Wednesday, February 26, 2014

Dear 18 Year-Old Me

Dear Me,

It's September 2005, and you're a senior in high school. I remember you and your 16 hour days. Wake early, walk to school, leave for medical office training, and then working at Wendy's until 10. You have so much energy, enjoy it. A schedule like that will wipe you out 10 years from now.

You're doing okay, but in the hurry to get to your future, you missed some things.

Make time for some college prep. The first year will overwhelm you and it's partly your high school's fault. Read Shakespeare. Go to the library and check out books on introductory chemistry and calculus and accounting. And when you flop on your face, remember that there's always geology and that the professors will be kind if you are kind.

Keep Reading! You do it so much, judging from that pile of library books on your bedroom floor. Even if you don't check out books on calculus (because that's boring), keep reading. You won't do it recreationally for years after college. Also, keep drawing, painting and writing- for the same reason.

Spend time with your Mom! You will not live near her forever and you will reminisce on these days with her in the future. Enjoy time together, even it it's painting the apartment at 2nd Street, Mix Ave, and at Jackson's. The hour after work you would spend with her on the porch on 2nd Street, talking about whatever came to mind. Thank her for picking you up from work (after driving you there- after just gotten home from work herself). Remember to make her breakfast every so often, help do laundry and walk with her to do errands. She's the one who will teach you to get by on very little and to develop healthy spending habits. She will teach you much about  forgiveness with the people you love, and yes, that includes you at times.

Do not date that guy (but you will). There will be good times (great, even) but it will end badly. You will sink your first 3 years of college into that relationship and not break free until your senior year. Debt will be accumulated and tears will be wasted on a forced relationship. Don't try to be friends- it will be painful and he will try to keep you on the hook. Oh, and don't let him keep the electric under your name.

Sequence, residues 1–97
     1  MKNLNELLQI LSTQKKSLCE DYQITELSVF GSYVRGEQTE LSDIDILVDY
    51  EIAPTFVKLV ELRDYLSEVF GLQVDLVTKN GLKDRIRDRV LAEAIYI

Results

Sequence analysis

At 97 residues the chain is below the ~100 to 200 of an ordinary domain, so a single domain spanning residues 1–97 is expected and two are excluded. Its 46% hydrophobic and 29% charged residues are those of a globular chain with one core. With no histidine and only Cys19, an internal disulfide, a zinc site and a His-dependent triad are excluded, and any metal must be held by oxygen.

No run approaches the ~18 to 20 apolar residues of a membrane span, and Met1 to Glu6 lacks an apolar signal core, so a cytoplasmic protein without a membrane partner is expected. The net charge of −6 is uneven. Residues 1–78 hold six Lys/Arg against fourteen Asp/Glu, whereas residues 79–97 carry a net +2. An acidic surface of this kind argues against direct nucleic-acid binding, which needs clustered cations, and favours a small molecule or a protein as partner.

But, from that relationship you will learn how to see good character and how to pay attention to red flags. You won't let yourself compromise and will be choosy. And you will be able to look back at this relationship and see the growth (and heartbreak) that everyone suffers can be used to learn from.

Read your Bible (but you won't). Not yet, anyway. In a few years time, the most important relationship you will have will begin, but maybe crack the Bible open for a refresher.

Don't second guess your choice to get a job instead of playing volleyball. You haven't played more that a dozen times in the 10 years since graduating (and you're pretty sucky at this point), but you use the people skills you learned working in fast food every single day.

Stop hating people who wrong you. Sometimes people are selfish, adults aren't there for you and everyone has their own issues to work through. Love and forgiveness is healthier. Understand that someone with a selfish nature needs God to change them, and not you. And just for some perspective, 10 years from now he will be the same.

Now go to bed. You have class in the morning.

Future You

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